Courts allow regulators an end-run around Congress.
Regulation is out, litigation is in. The era of big government may be over, but the era of regulation through litigation has just begun.
-Robert Reich, former secretary of labor, USA Today, February Is, 1999
When President Clinton declared in his 1996 State of the Union address that "the era of big government is over," conservatives applauded. The Weekly Standard ran a cover headline screaming, "We Won." In Congress Republicans treated Clinton's statement as a concession speech for the liberal welfare state, the domestic equivalent of the fall of Communism.
There were good reasons for optimism. Republicans were imposing containment on big government by opposing any tax increases. GOP leaders announced they planned to pass a tax cut each and every year-and never pass a tax hike. In 1993, popular opposition to tax increases was so strong that even with strong Democratic majorities in Congress Clinton was barely able to raise taxes, forcing Al Gore to cast the deciding vote in the Senate and winning by only one vote in the House.
In 1997 Republicans managed to win the first (albeit modest) tax cut in i6 years. They've been stronger at defending against tax hikes at all levels-federal, state, and local-through such measures as a two-thirds supermajority requirement to raise taxes and the Taxpayer Protection Pledge. Indeed, by May of this year every single Republican running for president had signed the pledge against new taxes.
Thwarted on tax hikes, liberals found the Republicans also working to curb the regulatory state. As part of the Contract With America, Congress voted to forbid most unfunded mandates, which force state and local governments to raise taxes to meet regulatory standards imposed on them by federal rules. Commerce Committee Chairman Thomas Bliley's Regulatory Right to Know Act would require the government to calculate and make public the costs and claimed benefits of all regulations. Rep. J.D. Hayworth (RAriz.) has introduced legislation forbidding the executive branch from imposing new regulatory costs. All such regulations would have to be submitted to a vote of Congress before becoming law.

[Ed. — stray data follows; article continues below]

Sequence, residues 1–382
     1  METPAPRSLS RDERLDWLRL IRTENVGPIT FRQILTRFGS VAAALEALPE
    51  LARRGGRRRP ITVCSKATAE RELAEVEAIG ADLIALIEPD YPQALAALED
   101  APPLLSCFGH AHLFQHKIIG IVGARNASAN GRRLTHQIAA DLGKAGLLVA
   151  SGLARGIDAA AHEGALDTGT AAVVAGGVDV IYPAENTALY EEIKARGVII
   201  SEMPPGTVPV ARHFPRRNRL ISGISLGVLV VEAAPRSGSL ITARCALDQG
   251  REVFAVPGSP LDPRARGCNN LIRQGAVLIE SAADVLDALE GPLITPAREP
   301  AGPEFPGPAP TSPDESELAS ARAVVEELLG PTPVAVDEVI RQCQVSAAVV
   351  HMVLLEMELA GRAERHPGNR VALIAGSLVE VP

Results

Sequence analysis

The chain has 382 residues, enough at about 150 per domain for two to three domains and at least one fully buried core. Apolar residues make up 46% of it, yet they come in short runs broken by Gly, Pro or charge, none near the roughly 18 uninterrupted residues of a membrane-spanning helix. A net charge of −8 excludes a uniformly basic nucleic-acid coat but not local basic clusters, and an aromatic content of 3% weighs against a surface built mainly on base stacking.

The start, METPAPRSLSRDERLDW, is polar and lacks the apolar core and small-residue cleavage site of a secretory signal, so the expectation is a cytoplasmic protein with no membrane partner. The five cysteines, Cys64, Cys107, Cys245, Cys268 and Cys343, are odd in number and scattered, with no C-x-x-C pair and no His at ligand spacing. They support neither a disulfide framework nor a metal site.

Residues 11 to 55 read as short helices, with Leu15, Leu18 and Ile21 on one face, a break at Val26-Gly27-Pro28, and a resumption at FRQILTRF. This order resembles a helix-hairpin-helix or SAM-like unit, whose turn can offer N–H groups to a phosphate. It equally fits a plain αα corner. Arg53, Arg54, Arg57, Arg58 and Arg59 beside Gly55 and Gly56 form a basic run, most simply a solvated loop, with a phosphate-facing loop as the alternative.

Even with some leakage, this containment strategy would over time bring down the cost of government. Of course, in politics, as in chess, the other team gets to move as well. The left has begun to rely on litigation to force tax increases, additional regulatory burdens, and massive transfers of wealth from productive Americans to parasitic class-tort lawyers.
This misuse of the courts to end-run the executive and legislative branches of government is an ever-growing problem. Judges have ruled that prisoners must have color televisions and granted welfare recip ients the "right" to more of other people's money. Courts have allowed government to grow in a way no legislature or governor would allow. Federal judges are not subject to elections.
State judges, who are subject to minimal electoral scrutiny, find that lengthy state constitutions provide opportunities for judicial activism. The supreme courts of Ohio, Vermont, and New Hampshire have ruled that the state constitution demands equal spending on education across different towns and cities. This had resulted in weakening local control of both education and tax policy. When its desired tax hike was defeated by a margin of 8o-zo by voters, the Ohio supreme court renewed demands for higher taxes. In New Hampshire the court may force an income tax hike on voters famous for rejecting such efforts.
On the national stage, 1997's $246-billion tobacco settlement convinced all political players that new rules were in play. When Mississippi Attorney General Michael Moore and the Castano group-a collection of wealthy trial lawyers who "invested" millions in planned lawsuits-teamed up to sue tobacco companies it wasn't clear they had a strong case. …